Today, teachers in Oakland, California, are joining their #RedforEd counterparts in Los Angeles and across the nation in striking for better working conditions and fully funded schools. The city’s schools remain open as substitutes teach more than 36,000 students across 87 Oakland Unified School District schools.
The strike comes on the heels of West Virginia teachers’ second strike since they walked out of their classrooms a year ago this month. Teachers there demanded that lawmakers immediately kill an education bill the West Virginia Education Association and other unions oppose. Despite the Republican-led House moving to table the bill Tuesday, teachers remained on the picket lines Wednesday, holding out against any chance there could be further developments with the legislation.
In Oakland, the city’s teachers union has been unable to reach an agreement with Oakland Unified after more than two years of negotiations. The Oakland Education Association’s 3,000 members have been without a contract since July 2017, and overwhelmingly approved a strike authorization vote earlier this month.
Today’s strike is Oakland teachers’ first since 2010, and comes after hundreds of the city’s teachers called out sick in January in a wildcat “sickout” action to rally and march for school funding.
L.A. teachers’ successful six-day strike has reverberated loudly in the Bay Area, where educators face many of the same issues, including ballooning class sizes and meager support staff. The union is asking the district for more support staff, smaller classes and a 12 percent raise over three years for educators living in one of the most expensive areas in the country.
Oakland educators are the lowest paid in the Bay Area, where rents have risen 40 to 50 percent since 2012. The skyrocketing costs of housing has caused more than 18 percent of teachers to leave the district each year, according to a fact-finding report released Friday.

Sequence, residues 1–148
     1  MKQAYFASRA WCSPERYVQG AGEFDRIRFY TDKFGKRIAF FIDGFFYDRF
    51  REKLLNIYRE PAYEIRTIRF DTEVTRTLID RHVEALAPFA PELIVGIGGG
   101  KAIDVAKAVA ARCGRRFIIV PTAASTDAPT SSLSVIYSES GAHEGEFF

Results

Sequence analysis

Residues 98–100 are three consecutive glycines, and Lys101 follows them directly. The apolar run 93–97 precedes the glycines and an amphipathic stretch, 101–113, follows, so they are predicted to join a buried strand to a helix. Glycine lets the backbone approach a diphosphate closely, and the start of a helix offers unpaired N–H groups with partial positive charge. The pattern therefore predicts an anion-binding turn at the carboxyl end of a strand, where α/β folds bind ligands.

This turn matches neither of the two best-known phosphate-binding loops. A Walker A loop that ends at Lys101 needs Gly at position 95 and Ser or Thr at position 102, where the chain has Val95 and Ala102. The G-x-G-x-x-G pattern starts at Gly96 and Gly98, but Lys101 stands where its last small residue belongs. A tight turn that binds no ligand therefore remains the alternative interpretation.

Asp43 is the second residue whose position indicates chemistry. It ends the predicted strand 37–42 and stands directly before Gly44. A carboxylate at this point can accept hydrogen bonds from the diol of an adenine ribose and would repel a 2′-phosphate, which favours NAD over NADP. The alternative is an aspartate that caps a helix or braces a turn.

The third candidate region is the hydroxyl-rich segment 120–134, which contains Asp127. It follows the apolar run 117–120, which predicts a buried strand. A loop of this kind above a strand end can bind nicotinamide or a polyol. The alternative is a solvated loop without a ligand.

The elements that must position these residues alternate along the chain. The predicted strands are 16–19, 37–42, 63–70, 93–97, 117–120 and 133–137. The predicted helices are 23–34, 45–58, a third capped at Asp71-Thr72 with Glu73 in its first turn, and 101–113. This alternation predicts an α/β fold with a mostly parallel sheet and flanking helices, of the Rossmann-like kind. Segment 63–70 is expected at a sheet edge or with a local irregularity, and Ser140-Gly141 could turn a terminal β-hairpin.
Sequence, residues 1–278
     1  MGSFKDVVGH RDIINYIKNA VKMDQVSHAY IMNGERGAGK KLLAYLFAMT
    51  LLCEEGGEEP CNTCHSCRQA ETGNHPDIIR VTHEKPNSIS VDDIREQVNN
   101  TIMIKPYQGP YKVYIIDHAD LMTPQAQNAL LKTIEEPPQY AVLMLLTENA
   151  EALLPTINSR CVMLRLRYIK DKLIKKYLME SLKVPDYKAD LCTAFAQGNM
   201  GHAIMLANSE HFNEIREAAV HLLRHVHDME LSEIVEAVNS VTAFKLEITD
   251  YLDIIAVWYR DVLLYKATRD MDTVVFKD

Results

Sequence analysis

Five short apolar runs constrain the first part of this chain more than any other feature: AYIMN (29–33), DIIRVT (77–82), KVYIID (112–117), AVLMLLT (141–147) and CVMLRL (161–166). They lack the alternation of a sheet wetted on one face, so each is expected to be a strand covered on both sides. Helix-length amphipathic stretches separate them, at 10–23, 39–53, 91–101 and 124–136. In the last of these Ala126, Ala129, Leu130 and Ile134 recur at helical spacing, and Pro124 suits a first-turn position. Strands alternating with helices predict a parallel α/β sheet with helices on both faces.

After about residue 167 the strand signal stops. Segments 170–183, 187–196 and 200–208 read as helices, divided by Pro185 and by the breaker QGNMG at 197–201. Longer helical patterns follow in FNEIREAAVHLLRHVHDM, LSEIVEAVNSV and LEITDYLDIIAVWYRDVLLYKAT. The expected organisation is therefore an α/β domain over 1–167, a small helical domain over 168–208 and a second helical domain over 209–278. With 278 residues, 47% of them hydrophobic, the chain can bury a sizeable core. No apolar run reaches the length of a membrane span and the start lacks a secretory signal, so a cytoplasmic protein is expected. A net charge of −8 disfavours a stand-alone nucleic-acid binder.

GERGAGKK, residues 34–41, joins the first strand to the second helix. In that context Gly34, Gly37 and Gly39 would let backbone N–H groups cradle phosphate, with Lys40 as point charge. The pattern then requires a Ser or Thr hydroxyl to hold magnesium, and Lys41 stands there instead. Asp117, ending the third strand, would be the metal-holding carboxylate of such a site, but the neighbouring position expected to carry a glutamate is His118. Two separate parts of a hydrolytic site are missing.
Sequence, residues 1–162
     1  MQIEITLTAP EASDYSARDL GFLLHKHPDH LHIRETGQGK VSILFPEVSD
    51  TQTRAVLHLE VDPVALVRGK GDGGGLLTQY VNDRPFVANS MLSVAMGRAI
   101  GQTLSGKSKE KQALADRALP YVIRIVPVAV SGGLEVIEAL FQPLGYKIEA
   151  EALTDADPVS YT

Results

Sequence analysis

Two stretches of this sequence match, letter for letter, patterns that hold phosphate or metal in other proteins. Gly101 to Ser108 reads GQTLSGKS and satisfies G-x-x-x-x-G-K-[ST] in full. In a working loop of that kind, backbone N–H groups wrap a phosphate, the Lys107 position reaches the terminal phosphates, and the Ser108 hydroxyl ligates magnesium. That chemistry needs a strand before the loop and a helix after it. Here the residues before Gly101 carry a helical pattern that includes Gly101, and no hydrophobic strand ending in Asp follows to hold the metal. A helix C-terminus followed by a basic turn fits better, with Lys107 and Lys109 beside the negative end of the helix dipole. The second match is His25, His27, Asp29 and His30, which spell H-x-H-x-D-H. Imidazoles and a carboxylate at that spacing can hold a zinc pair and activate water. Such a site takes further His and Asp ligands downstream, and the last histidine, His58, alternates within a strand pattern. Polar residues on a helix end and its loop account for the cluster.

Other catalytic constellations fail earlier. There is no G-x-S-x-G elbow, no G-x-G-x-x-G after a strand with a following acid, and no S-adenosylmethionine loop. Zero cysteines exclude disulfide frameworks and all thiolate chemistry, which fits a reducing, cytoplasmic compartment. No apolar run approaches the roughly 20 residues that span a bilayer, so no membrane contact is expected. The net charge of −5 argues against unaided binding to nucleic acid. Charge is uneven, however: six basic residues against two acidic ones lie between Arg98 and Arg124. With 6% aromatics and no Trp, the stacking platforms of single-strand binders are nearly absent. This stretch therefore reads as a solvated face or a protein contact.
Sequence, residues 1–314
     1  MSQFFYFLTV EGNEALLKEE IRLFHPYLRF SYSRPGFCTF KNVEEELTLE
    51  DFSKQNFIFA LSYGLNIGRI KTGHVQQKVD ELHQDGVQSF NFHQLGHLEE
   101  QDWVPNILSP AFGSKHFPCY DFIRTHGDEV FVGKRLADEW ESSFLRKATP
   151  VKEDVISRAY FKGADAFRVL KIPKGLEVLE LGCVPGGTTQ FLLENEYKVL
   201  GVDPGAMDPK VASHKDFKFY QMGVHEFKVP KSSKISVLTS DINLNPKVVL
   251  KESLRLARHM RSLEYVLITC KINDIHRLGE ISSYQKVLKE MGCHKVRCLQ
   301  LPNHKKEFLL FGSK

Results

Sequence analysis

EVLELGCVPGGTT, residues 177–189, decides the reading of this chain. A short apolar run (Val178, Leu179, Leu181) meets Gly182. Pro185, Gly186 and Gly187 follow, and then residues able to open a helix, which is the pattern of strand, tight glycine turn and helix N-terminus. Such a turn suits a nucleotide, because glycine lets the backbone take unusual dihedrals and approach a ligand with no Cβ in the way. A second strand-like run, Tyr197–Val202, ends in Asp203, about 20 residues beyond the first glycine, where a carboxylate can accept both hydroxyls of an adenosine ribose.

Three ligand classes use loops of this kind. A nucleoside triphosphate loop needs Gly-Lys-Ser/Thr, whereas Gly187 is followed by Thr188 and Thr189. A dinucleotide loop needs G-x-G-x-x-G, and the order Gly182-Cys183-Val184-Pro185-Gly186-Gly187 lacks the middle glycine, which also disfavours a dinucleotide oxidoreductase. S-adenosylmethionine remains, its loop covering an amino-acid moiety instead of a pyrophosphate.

Also, as in L.A., the district has faced years of billionaire-backed schemes seeking to eliminate traditional public schools and replace them with charters, which often operate with public funds but are privately run as either for-profits or nonprofits, and are subject to fewer rules, regulations and statutes than traditional public schools.
“The superintendent and the school board are faced with a decision to either listen to parents, students and communities, … or take the side of the privatizers, which is an agenda of closing schools, making cuts and taking valuable resources away from students in public schools,” said Association President Keith Brown, who has been on leave from teaching at Bret Harte Middle School since July to work for the union.
Oakland Unified is facing a steeper fiscal crisis than what the Los Angeles Unified School District claimed to be facing. Unlike L.A., where the school district maintains a billion-dollar reserve, Oakland’s district is strapped with a $30 million budget deficit for the 2019-20 school year. To stave off this deficit, the school board hopes to cut $22 million in spending over the next year. While the district’s cuts factor in a 5 percent raise for teachers, it plans to lay off more than 150 administrators, impose cuts across every district school and close two dozen schools over five years.
Last month, the school board voted to close Roots International Academy, a middle school in East Oakland, despite outcry from parents, teachers and staff. Superintendent Kyla Johnson-Trammell argues that consolidating schools is necessary to fix the district’s biggest problem: Across the district’s 87 schools, nearly 11,000 seats remain empty, according to the San Francisco Chronicle. The district’s stagnant enrollment is largely due to a loss of students to charter schools — a primary driver of the district’s fiscal crisis.
On top of a record million spent by outside groups to support the pro-charter candidates in California’s race for state superintendent of public instruction last year, the East Bay’s state legislative race saw $1.4 million in spending from outside groups on behalf of the charter school industry. The race mirrored L.A.’s 2017 school board election — the most expensive in U.S. history.
After billionaire Michael Bloomberg donated $120,000 to an expenditure committee linked with a pro-charter nonprofit, five of seven seats on the Oakland school district’s board are held by pro-charter candidates. The expenditure committee spent more than $150,000 on Oakland’s 2018 school board race to expand charter schools there.